Syllabus - Religion 1310 (Spring 2010)

Syllabus - Religion 1310 (Spring 2010) - Religion 1310-02...

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Religion 1310-02 Introduction to Christian Scripture Course Syllabus Baylor University Instructor: Brian Small Spring, 2010 MWF 11:15-12:05 Office: Tidwell B13b Office hours: MWF 9:00-11:00 and by appointment Office phone: 710-3152 Email: [email protected] I. COURSE DESCRIPTION : This course presents a general introduction to the Old and New Testaments, including their contents, historical backgrounds, and major themes. The course will also introduce appropriate strategies for the interpretation of the Christian Scriptures. II. COURSE GOALS AND OBJECTIVES : This course is designed to help the student become a more interested and informed reader of the Christian Scriptures. As an interested reader the student will develop a greater appreciation of the history, religion, and literature of ancient Israel and the early church. The student will also have a greater awareness and appreciation of the ways in which the Bible has profoundly influenced world cultures, especially western civilization. The student may also develop a greater appreciation of how the Bible has shaped one's own religious faith commitments. As an informed reader the student will develop a greater knowledge and understanding of: the geography of the lands of the Bible, the development of the text and canonical shape of the Bible, the general chronology of the biblical stories, the historical and religious contexts of the biblical accounts, the literary genres of the various biblical texts, and the various strategies for the interpretation of the biblical texts. As Religion 1310 is part of the General Education Required Core Curriculum of Baylor University, the course is taught within both an academic and confessional context. The course is taught within the context of the College of Arts and Sciences at Baylor University. What this course shares in common with other courses in the humanities division (english, history, philosophy, pyschology, political science, sociology, etc.) is an interest in how to make good sense of the texts we read. At the same time, Baylor University is a church-related institution. While the student is not required to espouse any particular faith commitment with regard to the Bible in this class, the student should be aware that Bible contains religiously authoritative texts for many people in our culture, and even in this class. This course will work under the assumption that the shape of the Christian Scriptures, from Genesis to Revelation, narrates a specific story. This story will be explored under the rubric of Creation, Corruption, Covenant, Christ, Church, and Consummation.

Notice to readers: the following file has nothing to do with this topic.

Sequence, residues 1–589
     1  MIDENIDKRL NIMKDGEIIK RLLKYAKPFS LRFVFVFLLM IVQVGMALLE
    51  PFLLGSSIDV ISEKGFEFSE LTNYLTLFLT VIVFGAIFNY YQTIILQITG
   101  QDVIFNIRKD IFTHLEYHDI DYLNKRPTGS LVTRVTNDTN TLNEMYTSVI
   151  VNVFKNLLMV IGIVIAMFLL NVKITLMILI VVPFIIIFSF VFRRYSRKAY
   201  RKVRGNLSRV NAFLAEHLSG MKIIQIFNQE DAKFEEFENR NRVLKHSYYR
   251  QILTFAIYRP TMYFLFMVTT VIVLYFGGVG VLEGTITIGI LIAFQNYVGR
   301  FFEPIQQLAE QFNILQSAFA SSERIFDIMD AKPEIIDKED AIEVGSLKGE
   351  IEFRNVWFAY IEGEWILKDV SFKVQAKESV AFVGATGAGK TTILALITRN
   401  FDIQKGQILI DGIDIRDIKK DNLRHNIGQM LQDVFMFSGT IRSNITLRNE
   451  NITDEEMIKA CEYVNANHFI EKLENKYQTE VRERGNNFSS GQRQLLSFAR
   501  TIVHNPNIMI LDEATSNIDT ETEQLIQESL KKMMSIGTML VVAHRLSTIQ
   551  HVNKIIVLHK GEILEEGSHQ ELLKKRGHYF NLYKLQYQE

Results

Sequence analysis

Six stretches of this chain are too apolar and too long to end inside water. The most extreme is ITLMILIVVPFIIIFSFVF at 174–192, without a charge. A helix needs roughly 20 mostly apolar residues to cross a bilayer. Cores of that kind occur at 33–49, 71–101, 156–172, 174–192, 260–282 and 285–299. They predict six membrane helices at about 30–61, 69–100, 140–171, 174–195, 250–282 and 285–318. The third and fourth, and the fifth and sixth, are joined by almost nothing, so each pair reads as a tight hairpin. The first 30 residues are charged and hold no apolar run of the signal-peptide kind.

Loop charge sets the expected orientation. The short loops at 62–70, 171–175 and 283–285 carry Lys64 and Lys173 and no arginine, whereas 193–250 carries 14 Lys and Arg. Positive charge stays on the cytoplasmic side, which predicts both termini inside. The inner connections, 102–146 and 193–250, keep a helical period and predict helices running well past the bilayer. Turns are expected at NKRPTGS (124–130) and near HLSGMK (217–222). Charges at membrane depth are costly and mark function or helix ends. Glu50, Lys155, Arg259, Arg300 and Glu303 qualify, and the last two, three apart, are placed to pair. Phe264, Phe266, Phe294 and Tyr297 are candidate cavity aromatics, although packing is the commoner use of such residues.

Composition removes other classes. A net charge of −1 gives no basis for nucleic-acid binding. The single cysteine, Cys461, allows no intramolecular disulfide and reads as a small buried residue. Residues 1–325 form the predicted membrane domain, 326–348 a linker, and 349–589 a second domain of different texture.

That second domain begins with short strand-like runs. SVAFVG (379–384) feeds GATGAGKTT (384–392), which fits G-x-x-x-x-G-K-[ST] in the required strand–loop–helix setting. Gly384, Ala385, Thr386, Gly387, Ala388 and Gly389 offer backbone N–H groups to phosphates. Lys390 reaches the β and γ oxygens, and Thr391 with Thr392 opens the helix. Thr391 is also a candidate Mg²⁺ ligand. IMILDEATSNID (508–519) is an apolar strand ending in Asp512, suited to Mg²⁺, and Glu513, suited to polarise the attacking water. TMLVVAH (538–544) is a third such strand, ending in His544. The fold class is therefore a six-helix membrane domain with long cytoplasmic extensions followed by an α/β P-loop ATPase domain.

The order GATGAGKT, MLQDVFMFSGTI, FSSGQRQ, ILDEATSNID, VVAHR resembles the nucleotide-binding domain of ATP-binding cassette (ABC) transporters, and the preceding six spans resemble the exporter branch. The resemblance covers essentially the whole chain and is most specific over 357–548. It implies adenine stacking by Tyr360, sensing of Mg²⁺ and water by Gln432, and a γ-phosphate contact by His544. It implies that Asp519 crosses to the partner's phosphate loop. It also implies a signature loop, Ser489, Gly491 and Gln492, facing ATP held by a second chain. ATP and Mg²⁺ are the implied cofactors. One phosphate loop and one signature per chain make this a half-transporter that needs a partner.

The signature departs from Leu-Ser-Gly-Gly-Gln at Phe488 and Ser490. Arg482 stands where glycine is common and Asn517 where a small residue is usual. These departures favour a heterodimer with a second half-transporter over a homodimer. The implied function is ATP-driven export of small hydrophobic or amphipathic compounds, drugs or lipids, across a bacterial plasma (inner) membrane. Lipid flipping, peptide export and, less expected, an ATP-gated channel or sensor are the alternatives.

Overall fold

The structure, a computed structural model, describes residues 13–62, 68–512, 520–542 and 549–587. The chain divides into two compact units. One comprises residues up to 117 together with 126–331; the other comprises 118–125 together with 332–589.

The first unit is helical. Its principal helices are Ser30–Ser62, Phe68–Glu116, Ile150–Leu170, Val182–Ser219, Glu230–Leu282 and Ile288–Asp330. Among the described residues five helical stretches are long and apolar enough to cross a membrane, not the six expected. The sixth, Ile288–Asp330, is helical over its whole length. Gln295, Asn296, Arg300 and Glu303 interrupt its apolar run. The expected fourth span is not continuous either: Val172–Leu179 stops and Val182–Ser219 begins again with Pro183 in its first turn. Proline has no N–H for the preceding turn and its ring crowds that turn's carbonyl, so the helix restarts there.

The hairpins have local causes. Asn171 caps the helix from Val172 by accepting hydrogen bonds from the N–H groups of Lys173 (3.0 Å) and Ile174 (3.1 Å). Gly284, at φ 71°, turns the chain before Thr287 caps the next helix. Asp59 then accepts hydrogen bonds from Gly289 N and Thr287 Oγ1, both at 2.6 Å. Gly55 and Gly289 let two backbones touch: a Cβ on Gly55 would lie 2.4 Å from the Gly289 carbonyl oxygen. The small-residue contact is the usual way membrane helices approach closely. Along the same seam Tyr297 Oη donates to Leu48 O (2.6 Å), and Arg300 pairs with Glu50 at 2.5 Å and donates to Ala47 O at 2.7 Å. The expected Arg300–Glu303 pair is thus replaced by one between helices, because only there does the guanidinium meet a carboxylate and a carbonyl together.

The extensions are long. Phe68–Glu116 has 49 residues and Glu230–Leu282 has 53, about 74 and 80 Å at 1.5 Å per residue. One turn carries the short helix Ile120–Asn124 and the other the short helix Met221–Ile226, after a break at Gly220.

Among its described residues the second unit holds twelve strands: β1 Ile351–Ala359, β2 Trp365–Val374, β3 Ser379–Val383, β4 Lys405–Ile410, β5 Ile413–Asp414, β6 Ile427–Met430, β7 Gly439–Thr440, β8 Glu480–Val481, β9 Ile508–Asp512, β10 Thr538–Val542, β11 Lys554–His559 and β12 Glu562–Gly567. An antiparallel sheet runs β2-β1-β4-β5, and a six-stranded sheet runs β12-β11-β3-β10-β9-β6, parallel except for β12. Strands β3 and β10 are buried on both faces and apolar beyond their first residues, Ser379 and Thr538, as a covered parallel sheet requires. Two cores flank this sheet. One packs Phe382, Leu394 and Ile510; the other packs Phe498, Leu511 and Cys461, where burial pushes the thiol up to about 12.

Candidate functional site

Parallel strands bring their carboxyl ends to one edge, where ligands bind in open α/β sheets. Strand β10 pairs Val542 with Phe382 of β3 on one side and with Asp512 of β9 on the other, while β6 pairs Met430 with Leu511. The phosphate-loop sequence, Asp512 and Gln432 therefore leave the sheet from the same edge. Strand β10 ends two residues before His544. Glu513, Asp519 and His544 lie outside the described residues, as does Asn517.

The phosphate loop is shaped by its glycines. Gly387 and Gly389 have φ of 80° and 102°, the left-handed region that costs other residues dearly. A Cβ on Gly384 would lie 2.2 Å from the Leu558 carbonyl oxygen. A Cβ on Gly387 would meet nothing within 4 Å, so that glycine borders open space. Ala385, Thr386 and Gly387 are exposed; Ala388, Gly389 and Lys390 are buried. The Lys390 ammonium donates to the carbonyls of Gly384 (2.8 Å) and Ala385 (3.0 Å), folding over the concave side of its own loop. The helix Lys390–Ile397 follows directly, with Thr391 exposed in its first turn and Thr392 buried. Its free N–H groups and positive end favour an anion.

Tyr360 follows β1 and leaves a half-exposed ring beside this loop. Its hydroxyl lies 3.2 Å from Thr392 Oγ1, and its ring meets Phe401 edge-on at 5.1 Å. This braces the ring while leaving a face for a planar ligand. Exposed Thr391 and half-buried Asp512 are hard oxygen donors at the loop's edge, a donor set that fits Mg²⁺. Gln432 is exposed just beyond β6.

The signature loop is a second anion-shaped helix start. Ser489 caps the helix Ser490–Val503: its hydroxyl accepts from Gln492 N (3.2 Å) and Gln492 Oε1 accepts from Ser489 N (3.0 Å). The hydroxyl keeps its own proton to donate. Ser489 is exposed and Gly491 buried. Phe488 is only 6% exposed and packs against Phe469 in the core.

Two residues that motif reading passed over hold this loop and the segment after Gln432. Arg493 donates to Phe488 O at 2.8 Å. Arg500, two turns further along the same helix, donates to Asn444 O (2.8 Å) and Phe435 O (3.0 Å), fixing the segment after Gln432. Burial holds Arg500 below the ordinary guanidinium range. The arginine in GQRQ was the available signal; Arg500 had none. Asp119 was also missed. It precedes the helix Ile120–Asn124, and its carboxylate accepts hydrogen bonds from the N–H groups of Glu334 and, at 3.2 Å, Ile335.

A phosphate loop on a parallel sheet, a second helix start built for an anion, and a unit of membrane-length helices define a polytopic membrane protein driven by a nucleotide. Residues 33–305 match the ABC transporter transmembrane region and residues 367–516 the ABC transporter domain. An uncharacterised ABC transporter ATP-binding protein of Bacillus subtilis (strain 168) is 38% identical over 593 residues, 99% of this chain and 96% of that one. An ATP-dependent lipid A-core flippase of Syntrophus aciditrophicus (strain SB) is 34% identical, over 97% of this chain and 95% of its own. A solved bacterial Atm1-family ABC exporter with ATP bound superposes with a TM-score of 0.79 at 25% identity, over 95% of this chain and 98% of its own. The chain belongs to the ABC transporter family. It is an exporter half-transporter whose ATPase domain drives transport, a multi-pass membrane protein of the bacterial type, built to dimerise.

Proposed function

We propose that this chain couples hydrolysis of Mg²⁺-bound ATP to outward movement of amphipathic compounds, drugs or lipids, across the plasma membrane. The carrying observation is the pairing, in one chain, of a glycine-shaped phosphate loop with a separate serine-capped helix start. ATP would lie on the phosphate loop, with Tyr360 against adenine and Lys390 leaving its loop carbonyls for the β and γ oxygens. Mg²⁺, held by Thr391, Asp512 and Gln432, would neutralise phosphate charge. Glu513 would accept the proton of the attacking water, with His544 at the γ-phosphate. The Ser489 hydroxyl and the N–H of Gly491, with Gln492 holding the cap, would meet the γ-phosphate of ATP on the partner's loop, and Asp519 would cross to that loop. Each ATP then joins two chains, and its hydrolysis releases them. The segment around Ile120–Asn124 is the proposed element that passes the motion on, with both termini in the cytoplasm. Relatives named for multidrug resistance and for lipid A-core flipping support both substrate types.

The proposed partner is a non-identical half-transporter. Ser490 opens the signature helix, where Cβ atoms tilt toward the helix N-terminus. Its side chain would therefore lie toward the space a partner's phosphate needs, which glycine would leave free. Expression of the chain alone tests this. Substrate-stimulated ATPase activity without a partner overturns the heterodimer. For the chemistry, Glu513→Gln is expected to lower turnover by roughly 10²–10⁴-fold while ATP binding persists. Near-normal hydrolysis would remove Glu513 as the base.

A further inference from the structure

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III. REQUIRED TEXTBOOKS : The New Oxford Annotated Bible: New Revised Standard Version with the Apocryphal/Deuterocanonical Books . 3rd edition. Edited by Michael D. Coogan.
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Syllabus - Religion 1310 (Spring 2010) - Religion 1310-02...

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